sOAZ the untamed: understanding the extravagant toplane genius
2014 is ending along with an important era: the presence of sOAZ in the LCS. Rumors have been louder and louder about his implication on xPeke’s challenger team Origen and there is a strong possibility we might not see him next split in the professional scene. Here is my take on trying to understand the top lane genius: Paul “sOAZ” Boyer.
sOAZ is one of, if not the most, veteran player of professional League of Legends. Along with his long time team mate YellOwStaR, he played for aAa at the Season 1 World Championship where he reached the finals. sOAZ is a lot of things. As Steve Jobs puts it: You can quote him, disagree with him, glorify him or vilify him. The only thing you can’t do, is ignore him.
What really drew my attention about sOAZ was his raw game sense andincredible finesse about the game. While having solid mechanics, it is his remarkable decision making that distinguish him among to planers. Even more so, in every interview or stream sOAZ speaks, he never comes off as the type of player to intellectualize the game or spend countless hours thinking about meta, champions, builds or match-up. sOAZ just seems like a toplane virtuoso who simply acts on what feels natural for him. Every trade he takes, every last hit he contests, every aggression he engages comes across as split-second decision, made purely on hunches. As exciting it might be for the spectator, this wildness and unpredictability still torment his lane opponents until this day; how to prepare against sOAZ is still a riddle as you never expect what he can pull out next.
sOAZ is a controversial character within the community. Indeed, with some of his statements, he could come off as an arrogant player who might not practice as much as he could. Yet, I find him more intriguing for those reasons. After IPL5, in a Grilled interview, when asked about his preparation against WE and TPA’s toplaner, he admitted :
I didn’t know anything about them actually, I know [Stanley] had this weird champion pool, that’s all.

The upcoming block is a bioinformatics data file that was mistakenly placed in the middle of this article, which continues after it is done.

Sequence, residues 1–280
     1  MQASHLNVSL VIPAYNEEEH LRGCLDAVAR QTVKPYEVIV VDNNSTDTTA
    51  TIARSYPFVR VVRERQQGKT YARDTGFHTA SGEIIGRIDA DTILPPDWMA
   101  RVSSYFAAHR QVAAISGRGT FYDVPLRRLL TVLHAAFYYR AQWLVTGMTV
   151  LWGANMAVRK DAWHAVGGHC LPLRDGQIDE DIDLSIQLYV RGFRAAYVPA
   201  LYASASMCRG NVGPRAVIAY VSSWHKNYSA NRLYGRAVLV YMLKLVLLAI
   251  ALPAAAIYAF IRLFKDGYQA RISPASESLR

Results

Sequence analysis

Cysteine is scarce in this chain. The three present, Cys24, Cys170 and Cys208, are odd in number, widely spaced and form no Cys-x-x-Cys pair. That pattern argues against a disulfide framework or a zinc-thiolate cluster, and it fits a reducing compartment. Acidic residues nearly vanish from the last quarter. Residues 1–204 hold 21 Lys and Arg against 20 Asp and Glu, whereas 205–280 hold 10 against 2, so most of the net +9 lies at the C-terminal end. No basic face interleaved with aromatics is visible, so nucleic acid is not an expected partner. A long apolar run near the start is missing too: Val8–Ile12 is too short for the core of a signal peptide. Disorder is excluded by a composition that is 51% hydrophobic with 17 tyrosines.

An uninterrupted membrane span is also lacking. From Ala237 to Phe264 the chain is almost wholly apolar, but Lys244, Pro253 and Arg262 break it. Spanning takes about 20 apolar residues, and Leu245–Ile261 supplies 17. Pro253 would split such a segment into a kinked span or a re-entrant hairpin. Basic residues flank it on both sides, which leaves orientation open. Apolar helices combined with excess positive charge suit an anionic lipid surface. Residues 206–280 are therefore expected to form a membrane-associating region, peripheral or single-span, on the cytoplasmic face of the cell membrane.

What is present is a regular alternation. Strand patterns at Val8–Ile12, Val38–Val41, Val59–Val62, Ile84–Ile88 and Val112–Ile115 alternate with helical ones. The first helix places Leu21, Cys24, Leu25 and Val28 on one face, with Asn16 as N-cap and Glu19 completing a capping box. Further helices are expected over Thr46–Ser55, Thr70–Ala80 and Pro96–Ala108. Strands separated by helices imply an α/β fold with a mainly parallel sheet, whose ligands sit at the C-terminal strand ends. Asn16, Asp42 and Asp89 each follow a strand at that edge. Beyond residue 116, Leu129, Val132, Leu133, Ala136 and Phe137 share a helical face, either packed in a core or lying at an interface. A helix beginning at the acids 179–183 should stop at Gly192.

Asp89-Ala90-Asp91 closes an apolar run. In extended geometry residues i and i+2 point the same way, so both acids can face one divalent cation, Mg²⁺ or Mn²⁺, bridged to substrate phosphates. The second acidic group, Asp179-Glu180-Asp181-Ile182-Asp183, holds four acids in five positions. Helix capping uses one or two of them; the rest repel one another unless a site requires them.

While some find it unprofessional, I consider it extremely impressive and right on the edge of genius to be able to go toe-to-toe with the strongest toplaners in the world without prior or proper preparation. This is also why he was able to master such an enormous quantity of champion, among them mages, assassins, bruisers, tanks or even supports, right to the brink of perfection. Once he has understood the kit of a champion, his innate and great decision-making allows him to bring it immediately to the competitive scene. Zorozero underlines this as well in a Reflections interview:
He’s the guy that just picks it up and learn the elements of a champion. I think that’s one of his really strong skills
This insane versatility was what allowed Fnatic to pull unexpected and unexpectedly strategies countless times to win disadvantageous series.
Along his impressive raw talent, sOAZ is a very emotion-dependent player. His performance seems extremely relient on both his mindset and team environment, at a degree farther than any other player. If he is having fun in a game, you will immediately see it on both his face and performance. He was able to carry out impressive games on farther-than-off-meta champions because it was new and exciting for him, thus giving him back momentarily the passion for the game (among others Karma at IEM Cologne 2013 or Ziggs near the end of the Summer Split 2014). The holy trinity of tanks (Mundo, Shyvana, Renekton) in early 2014 actually took a toll on his overall motivation and eagerness about playing.
This high correlation between mindset and performance results in an global inconsistency. While this term is thrown out like a critic, this irregularity actually allows sOAZ to reach lofty summits that thrusted his team to victory; if some non-impactful games are needed for it, I can affirm that, at least for the spectator, it is worth it. His raw talent allows him to turns inconsistency into the root for outstanding performances.
Last but not least, I think that sOAZ most defining trait is his stubbornness. sOAZ will pull out crazy picks and try to brute force them into competitive play. He will never give up when it seems to be inefficient and will aim at finding the right way to make them fit into the game. He is the main european to have brought AP Toplaners (namely Lulu, LeBlanc or Soraka) into the meta during Spring Split 2014 and even during Fnatic’s infamous losing streak he never budged on it. By the end of the split, those picks were contested ones.
To put it in a nutshell, sOAZ is by any definition an extraordinary player. Often admitting he would not even be playing the game if it was not his job, the raw talent, aggressiveness and innovation he brought to the scene will undeniably be missed. I think trusting relationships within the team is a key factor to his performance and I hope that, if rumors turn out true, he will find it in his new home. He stated multiple times that if he began the game today he would be playing either the jungle or support role and one can only be curious of what his extravagance and boldness could allow him to achieve at those positions.
Photo credit: ESL, Riot, lolesports, thunderbot.gg.